11. Da wir umziehen und so wenig Zeugs wie möglich transportieren möchten, haben wir uns entschlossen, noch einige unserer Caldera CDs zu deutlich reduzierten Preisen anzubieten. Eingeschlossen sind unter anderem CDs von Joe Kraemer, Gabriel Yared, Zbigniew Preisner und Gerald Fried. Ran an den Speck - von den jeweiligen Titeln sind nur eine sehr begrenzte Anzahl Exemplare verfügbar - selten mehr als 4 pro Titel. In unserem eBay Shop wird man glücklich: https://www.ebay.co.uk/sch/soundtrackfreak89/m.html?_nkw=&_armrs=1&_ipg=&_from=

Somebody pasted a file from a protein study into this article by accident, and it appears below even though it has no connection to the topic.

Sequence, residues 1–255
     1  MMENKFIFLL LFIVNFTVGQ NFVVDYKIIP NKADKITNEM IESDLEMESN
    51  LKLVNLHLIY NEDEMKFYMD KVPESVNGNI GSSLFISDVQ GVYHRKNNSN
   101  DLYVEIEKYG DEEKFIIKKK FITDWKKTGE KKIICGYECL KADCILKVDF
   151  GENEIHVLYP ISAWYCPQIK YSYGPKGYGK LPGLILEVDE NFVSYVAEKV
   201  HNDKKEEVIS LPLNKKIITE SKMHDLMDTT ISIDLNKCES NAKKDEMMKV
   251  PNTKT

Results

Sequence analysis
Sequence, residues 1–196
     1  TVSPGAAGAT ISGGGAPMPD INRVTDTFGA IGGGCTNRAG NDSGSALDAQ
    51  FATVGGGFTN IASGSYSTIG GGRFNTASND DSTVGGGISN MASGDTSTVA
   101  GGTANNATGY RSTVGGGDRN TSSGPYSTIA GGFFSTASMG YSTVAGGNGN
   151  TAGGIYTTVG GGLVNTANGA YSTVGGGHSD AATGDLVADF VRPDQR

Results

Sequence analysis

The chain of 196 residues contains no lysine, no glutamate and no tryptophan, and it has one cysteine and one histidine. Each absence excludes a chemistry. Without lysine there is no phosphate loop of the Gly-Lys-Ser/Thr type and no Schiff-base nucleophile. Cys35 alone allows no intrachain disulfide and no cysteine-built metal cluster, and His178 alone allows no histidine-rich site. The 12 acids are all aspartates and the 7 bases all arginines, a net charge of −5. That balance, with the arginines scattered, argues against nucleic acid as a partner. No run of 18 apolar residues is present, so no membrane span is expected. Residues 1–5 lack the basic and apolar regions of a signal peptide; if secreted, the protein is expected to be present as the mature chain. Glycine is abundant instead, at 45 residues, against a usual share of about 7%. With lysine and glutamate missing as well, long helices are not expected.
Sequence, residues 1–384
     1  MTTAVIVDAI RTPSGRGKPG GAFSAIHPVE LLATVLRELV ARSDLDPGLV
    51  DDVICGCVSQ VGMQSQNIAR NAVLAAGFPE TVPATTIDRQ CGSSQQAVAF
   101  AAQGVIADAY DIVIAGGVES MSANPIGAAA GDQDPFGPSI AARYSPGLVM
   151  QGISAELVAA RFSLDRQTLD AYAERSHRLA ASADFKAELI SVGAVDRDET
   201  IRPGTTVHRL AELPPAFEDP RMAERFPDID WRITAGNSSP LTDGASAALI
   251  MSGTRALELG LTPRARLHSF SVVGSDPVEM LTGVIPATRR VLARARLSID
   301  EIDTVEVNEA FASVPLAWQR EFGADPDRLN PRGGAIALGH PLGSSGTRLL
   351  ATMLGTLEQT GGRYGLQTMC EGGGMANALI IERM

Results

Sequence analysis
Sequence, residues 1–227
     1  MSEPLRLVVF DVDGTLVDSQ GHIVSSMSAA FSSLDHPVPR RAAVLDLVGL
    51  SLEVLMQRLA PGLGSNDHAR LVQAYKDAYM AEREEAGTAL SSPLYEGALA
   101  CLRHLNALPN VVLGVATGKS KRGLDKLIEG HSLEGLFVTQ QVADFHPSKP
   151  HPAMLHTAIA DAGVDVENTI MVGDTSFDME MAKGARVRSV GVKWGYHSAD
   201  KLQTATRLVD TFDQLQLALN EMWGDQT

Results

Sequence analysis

12. C6039 Caldera Records is proud to present Andrew Dickson’s music for Mike Leigh’s films “Vera Drake” and “All or Nothing”. “All or Nothing” tells the story of a family whose members spend their days working at essential and yet low-paid jobs. Penny, played by Lesley Manville, is the main breadwinner as a cashier in a supermarket. Her partner Phil, played by Timothy Spall, drives a cab around town after years of unemployment due to his crippling depression. Living in a council flat with their two children Rachel (Alison Garland) and Rory (a young James Corden), Penny and Phil have resigned themselves to their life on the treadmill. With his music, written for violin, viola, double bass, flute, bass flute and two guitars, Dickson chose to enhance the somewhat desolate nature of some of the characters. Although “All or Nothing” was well-received critically, it is Mike Leigh’s most underappreciated film as it stands in the shadow of the director’s next work, “Vera Drake”. Vera Drake (Imelda Staunton) is a cleaner in post-war Britain, while her husband Stan (Phil Davis) works in a garage. Although they don’t have much money, they are optimistic. Having survived – and won – the Second World War, things were looking up for the United Kingdom. The worst seemed to be behind it. However, Vera keeps a secret from their family that eventually threatens to destroy their bond. At the Venice Film Festival, “Vera Drake” won the prize for Best Film before it was nominated for eleven BAFTAs, one Golden Globe and three Oscars. While it is hailed as one of Leigh’s major works, it is also the crowning opus of Andrew Dickson’s film career. By then, he and the director had already worked together for more than 20 years. For the first time in their films, Dickson and Leigh decided to use a choir. For the folk-like main theme of the film, Dickson used the germ of a sinister song about a fairground he had written previously and which had been performed by a 15-year old P.J. Harvey, a Mercury Prize-winning singer with whom Dickson performed in his local band in Bridport. Also included on this CD are selection from Andrew Dickson’s scores for “Someone Else’s America’ and “Oublie-Moi”. The 39th CD-release of Caldera Records – a world premiere – features a detailed booklet-text by Stephan Eicke and elegant artwork by Luis Miguel Rojas. The CD was mastered by Richard Moore and produced by Stephan Eicke and John Elborg. Music Composed by Andrew Dickson Album Produced by Stephan Eicke Executive Producers for Caldera Records: John Elborg, Stephan Eicke All or Nothing 1. Opening (4:31) 2. Alone Again (1:00) 3. Emergency (1:42) 4. Phil is on His Way (0:23) 5. The Long Day’s Journey Into Night (2:56) 6. End Credits (3:52) Vera Drake 7. Opening (1:54) 8. On a Cold Morning (0:43) 9. Cleaning (0:53) 10. It Will Come Away (0:59) 11. Ethel and Reg (0:47) 12. Tea is Brewing (0:31) 13. Happy Family (0:38) 14. A New Day at Work (0:41) 15. The Walls Are Closing in (0:33) 16. Vera is Being Taken Away (0:43) 17. A Night in the Cell (0:48) 18. Sentencing (0:52) 19. End Credits (3:07) 20.-27. Someone Else’s America (14:37) 28.-31. Oublie-Moi (7:47) Bonus: 32. Audio Commentary by Andrew Dickson (8:05) Listen to a 5 min clip here: https://soundcloud.com/alderaecords/vera-drake-andrew-dickson For more information, please visit: http://caldera-records.com/portfolio/vera-drake/